• CS: GO
  • Minecraft
  • Overwatch

Games that provide High frames when paired with powerful graphics card are GPU-demanding. For example, if GTA V is providing 60 FPS with GTX 1050 Ti and 120 FPS with Nvidia RTX 3050 with the same processor, then it is GPU Demanding. Due to GPU demand being greater than CPU demand, there will not be much difference in performance with the change of powerful processors.

Some GPU Demanding Games:

  1. Assassin’s Creed Valhalla
  2. Red Dead Redemption 2
  3. The Medium
  4. Control
  5. Elden Ring

These games are both CPU and GPU demanding, but mostly rely on Powerful Graphics cards.

How to Fix CPU and GPU Bottlenecking

After discussing CPU and GPU bottlenecking, let’s move forward to how to fix or improve Bottlenecking.

Fix 1 – Increase Game Graphics settings

Using Higher Graphics settings can help reduce bottlenecking. If we play at 1080p or 720p Lowest settings, then there are many chances of CPU Bottlenecking.

We noticed that while playing Fortnite at 1080p low settings and 1080p Medium settings, there wasn’t any performance difference, But FPS Drop was less at 1080p Low Settings because of Bottlenecking. CPU Bottlenecking can cause stutters in the game.

If you are facing GPU bottlenecking, we prefer lowering the graphics settings. Putting so much load on GPU can also cause bottlenecking. Try reducing some Texture, Reflections, Shadows, etc. Since GPU bottlenecking does not cause stutters, it is not as bad as CPU bottlenecking.

Fix 2 – Increase the Resolution

CPU bottlenecking is likely to occur if the graphics card is overpowered, the processor is mid-range, and the game resolution is low.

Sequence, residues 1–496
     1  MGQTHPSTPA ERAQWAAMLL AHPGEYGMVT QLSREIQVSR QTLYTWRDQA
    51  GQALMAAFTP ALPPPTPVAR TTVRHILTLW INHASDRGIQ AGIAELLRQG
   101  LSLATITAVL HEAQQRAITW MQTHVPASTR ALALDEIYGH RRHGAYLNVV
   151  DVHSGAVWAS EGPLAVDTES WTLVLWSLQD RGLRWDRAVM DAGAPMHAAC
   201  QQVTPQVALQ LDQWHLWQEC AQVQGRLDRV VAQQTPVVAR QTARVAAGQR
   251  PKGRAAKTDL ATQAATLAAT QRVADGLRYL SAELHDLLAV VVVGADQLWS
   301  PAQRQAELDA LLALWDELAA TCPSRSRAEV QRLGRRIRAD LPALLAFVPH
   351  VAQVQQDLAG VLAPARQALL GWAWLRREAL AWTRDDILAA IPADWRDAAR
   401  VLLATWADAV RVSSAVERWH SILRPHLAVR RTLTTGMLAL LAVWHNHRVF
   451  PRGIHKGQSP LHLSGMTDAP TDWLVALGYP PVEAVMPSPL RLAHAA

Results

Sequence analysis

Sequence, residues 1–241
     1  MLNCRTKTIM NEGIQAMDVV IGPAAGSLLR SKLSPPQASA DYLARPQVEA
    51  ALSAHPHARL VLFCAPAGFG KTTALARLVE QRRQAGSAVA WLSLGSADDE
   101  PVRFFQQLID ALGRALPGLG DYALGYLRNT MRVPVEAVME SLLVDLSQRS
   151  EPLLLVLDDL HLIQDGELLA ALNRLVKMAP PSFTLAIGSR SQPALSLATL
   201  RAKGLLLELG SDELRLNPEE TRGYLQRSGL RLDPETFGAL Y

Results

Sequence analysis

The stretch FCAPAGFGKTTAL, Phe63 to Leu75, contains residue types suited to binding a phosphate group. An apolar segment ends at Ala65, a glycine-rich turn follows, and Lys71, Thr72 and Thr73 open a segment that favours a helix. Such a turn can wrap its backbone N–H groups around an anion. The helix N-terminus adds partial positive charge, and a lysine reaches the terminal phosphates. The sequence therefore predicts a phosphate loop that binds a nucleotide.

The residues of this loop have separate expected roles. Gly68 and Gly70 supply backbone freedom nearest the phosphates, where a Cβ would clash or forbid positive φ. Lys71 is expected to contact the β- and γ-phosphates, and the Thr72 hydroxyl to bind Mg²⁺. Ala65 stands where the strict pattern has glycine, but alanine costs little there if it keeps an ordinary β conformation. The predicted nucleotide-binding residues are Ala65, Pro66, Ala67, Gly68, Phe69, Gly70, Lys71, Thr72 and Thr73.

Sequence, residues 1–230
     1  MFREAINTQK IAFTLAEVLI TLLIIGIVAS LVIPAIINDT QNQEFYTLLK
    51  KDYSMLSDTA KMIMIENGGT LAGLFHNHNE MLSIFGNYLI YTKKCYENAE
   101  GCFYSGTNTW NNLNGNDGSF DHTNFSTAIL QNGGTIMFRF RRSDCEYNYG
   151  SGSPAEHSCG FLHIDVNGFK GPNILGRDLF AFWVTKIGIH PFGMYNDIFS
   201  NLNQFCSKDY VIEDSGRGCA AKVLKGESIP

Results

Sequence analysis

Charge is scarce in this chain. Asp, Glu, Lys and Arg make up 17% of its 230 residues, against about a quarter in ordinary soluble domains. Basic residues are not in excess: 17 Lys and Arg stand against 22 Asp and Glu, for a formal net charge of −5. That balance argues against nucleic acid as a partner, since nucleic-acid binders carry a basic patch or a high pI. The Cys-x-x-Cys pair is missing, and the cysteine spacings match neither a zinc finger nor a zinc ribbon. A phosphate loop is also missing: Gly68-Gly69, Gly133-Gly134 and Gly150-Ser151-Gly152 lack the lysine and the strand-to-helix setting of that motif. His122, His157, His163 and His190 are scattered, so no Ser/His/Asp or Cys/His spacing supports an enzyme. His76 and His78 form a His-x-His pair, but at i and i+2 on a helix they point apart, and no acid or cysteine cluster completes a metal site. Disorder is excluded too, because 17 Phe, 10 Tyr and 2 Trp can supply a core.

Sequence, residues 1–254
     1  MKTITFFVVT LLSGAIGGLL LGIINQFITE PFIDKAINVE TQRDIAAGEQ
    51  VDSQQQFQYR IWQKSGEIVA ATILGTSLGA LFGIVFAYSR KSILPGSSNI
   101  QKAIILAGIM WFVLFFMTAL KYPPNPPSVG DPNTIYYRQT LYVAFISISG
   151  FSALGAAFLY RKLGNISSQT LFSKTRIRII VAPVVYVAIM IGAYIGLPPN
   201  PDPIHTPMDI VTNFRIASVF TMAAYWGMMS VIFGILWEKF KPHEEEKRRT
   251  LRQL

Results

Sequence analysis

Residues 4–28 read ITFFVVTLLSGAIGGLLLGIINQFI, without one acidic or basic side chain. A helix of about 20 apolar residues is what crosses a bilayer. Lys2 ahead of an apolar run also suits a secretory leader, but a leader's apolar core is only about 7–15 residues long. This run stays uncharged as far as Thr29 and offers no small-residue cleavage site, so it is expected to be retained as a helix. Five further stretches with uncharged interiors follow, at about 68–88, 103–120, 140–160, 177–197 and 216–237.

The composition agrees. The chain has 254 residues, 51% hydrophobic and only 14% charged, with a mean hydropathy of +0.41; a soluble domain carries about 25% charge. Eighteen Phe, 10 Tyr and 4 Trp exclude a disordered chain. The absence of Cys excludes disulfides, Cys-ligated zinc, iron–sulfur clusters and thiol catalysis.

If you are playing at 720p, push the resolution to 1080p or higher, and surely bottlenecking will be reduced a lot.

Fix 3 – GPU Overclocking

If you are facing GPU Bottlenecking, Overclocking your GPU can improve bottlenecking depending on how much boost your GPU can provide after Overclocking. We have a complete guide on How to Overclock your GPU with MSI Afterburner.

Overclocking can’t solve bottlenecking completely because only a minor performance can be gained by it.

Fix 4 – CPU Overclocking

If you can safely overclock your CPU, you can eliminate minor CPU Bottlenecking. Overclocking the CPU isn’t the best method to fix bottlenecks. But it can solve the problem a little bit.

Fix 5 – Close Background Apps

To give your CPU or GPU more space, clear all the apps running in the background. So, both of these components can give their full potential to one task. Even closing an Internet Brower that runs in the background can improve Bottlenecking.

Fix 6 – Time to Upgrade

If none of those mentioned above worked well for you, then it’s time to upgrade your GPU/CPU.


If your CPU or GPU are not equally powerful, then it may lead to CPU and GPU bottlenecking. For Professional and even Casual Gamers, Bottlenecking is very annoying; it can break your Gaming Experience.

We have tried our best to give you a better and simple understanding of CPU and GPU Bottlenecking. We also mentioned a few simple and easy methods to Fix Bottlenecking. There is nothing much technical; you can easily improve Bottlenecking with a little focus.


We have compiled a quick list of answers to some frequently asked questions.

Do CPU Bottlenecking cause FPS Stuttering?

Yes, Bottlenecking is one of the main causes of FPS Stuttering and Game Lag.

Do Bottlenecks Impact Game Performance?

Yes, Bottlenecking is definitely an issue that can cause lag and stutter. There are multiple bottlenecks that can affect the performance of a game, including CPU, GPU, and Memory bottlenecks.

What are the Signs of Bottlenecking?

The first sign of a bottleneck is when the framerate drops. You’ll also notice that your CPU, GPU, and VRAM usage remains 99-100%.

Can VRAM Cause Bottlenecking?

If your VRAM usage is full, there are many chances that it’ll cause Bottlenecking.

Hamza Meraj

Hi There! I am Hamza Meraj, the Author of Era20Tech. This website was created to share my knowledge of Graphics cards. As a PC Components Reviewer, I have been reviewing PC components since 2018.